Supreme Court Won’t Intervene in Texas’ Fight Against Gay Marriage

HOUSTON (CN) — The U.S. Supreme Court declined Monday to take up Houston’s request for clarity on whether the legalization of same-sex marriage means the city must provide taxpayer-funded benefits to the spouses of its homosexual employees.

As of now, Houston can continue to provide the benefits, unless the trial court blocks them again. Houston and Mayor Sylvester Turner asked the Supreme Court in September to hear the case after the Texas Supreme Court ruled in June that the Supreme Court’s 2015 ruling in Obergefell v. Hodges did not resolve whether the Constitution requires states or cities to give spousal benefits to same-sex couples.

Gay rights groups on Monday condemned the Supreme Court for denying Houston’s petition even as the high court prepares to hear arguments Tuesday in another case that could have major ramifications in the nation’s culture wars.
The Supreme Court can establish in Masterpiece Cakeshop v. Colorado Civil Rights Commission whether the First Amendment’s religious freedom and free speech protections give business owners the right to deny service to homosexual couples.
“The Supreme Court has just let an alarming ruling by the Texas Supreme Court stand, which plainly undercuts the rights of married same-sex couples. Today’s abnegation by the nation’s highest court opens the door for an onslaught of challenges to the rights of LGBTQ people at every step,” Sarah Kate Ellis, president and CEO of GLAAD, a media watchdog, said in a statement Monday. GLAAD was formerly known as the Gay and Lesbian Alliance Against Defamation.

Houston began offering same-sex spousal benefits in November 2013 under the direction of then-Mayor Annise Parker, the city’s first openly gay mayor, after the U.S. Supreme Court’s 2013 ruling in United States v. Windsor.
A month later, two Houston taxpayers, Jack Pidgeon and Larry Hicks, sued the city and the mayor, claiming Houston was injuring them because they are “devout Christians who have been compelled by the mayor’s unlawful edict to subsidize homosexual relationships that they regard as immoral and sinful.”

Pidgeon is pastor of the West Houston Christian Center; Hicks is a CPA.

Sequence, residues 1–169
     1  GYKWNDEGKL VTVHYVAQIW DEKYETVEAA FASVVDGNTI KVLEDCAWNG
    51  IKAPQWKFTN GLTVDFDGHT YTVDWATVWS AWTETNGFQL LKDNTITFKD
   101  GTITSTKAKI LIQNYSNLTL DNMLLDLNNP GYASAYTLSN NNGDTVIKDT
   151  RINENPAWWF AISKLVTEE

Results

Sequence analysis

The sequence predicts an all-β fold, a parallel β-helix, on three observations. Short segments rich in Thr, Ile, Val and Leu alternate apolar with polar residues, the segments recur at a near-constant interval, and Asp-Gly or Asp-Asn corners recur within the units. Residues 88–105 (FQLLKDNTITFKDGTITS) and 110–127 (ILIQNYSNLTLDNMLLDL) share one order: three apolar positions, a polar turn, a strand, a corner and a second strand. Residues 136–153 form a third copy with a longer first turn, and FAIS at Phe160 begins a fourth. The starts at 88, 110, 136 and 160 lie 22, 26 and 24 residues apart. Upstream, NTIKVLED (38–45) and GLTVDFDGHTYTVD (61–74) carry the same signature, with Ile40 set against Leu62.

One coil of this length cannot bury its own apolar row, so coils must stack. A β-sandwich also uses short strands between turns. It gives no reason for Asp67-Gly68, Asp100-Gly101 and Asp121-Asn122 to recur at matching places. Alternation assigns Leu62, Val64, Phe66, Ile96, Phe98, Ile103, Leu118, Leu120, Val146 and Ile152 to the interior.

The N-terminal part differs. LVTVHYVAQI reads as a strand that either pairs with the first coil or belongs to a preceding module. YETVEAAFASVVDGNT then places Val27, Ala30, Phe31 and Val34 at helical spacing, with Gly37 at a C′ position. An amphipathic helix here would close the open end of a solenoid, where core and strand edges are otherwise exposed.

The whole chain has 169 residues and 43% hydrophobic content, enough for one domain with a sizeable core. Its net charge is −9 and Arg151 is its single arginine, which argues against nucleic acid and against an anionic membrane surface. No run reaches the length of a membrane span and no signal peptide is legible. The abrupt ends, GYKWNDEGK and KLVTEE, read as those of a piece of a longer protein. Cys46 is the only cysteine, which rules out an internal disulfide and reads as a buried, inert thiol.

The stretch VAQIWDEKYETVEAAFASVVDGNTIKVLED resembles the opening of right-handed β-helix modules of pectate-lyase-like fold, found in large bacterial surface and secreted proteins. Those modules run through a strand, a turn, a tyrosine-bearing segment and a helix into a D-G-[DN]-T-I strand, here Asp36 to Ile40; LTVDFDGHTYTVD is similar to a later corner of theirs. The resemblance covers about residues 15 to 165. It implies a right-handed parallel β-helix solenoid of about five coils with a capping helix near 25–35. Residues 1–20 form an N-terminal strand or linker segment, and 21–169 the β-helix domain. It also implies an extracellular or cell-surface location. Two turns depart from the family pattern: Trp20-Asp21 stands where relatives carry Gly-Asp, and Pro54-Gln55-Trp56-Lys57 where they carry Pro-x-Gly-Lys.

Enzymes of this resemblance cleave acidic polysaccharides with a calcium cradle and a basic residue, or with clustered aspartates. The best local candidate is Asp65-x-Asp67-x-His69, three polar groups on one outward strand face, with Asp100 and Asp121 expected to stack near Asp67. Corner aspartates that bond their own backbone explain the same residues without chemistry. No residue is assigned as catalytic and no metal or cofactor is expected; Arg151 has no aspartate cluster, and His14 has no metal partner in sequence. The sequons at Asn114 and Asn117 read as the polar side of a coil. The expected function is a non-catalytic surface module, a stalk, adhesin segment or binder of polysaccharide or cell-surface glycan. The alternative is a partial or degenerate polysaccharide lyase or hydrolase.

The city has continued to pay the benefits as the case winds its way through the courts.
But the challengers’ attorney, Jared Woodfill, likes their chances because the case is going back to state court judge Lisa Millard, who has already issued two temporary injunctions ordering the city to stop paying the benefits.
“The U.S. Supreme court could have taken the case and used it to further expand Obergefell. They chose not to. It’s confirmation that the Texas Supreme Court got it right,” Woodfill told the Associated Press. He was chairman of the Harris County Republican Party from 2002 to 2014. Houston is Harris County’s seat.
Three Houston city employees asked a federal judge in August to block the city from cutting off benefits to their same-sex partners, or trying to recover benefits it already has paid, an attempt to pre-empt Hicks’ and Pidgeon’s lawsuit.
U.S. District Judge Vanessa Gilmore dismissed the employees’ lawsuit on Nov. 7, finding they lack standing because the city had not withdrawn their spouses’ benefits.
But Gilmore noted that the Obergefell ruling, in which the Supreme Court declared that gay and lesbian married couples are entitled to the “constellation of benefits that the states have linked to marriage,” came down after Millard blocked Houston’s spousal benefit payments with injunctions in December 2013 and November 2014.

“In light of this precedent, which the Texas trial court is required to follow, it seems constitutionally impermissible for the city to deny benefits to the same-sex spouses of its employees,” Gilmore wrote.
The Texas Supreme Court, whose nine justices are all Republicans and must defend their seats in statewide partisan elections, took up the case at the request of the state’s Republican leaders, including Gov. Greg Abbott, Lt. Gov. Dan Patrick and Attorney General Ken Paxton.
The trio claimed in an amicus brief in October 2016 that Texas law bars the state and any of its political subdivisions from recognizing any benefits or legal protections claimed as a result of a same-sex union.
Paxton said in a statement Monday: “We’re pleased that the U.S. Supreme Court let stand the Texas Supreme Court ruling that the right to a marriage license does not entitle same-sex couples to employee benefits at the expense of Texas taxpayers. The city of Houston’s former mayor illegally extended those benefits while the traditional, Texas definition of marriage was still in full force.”

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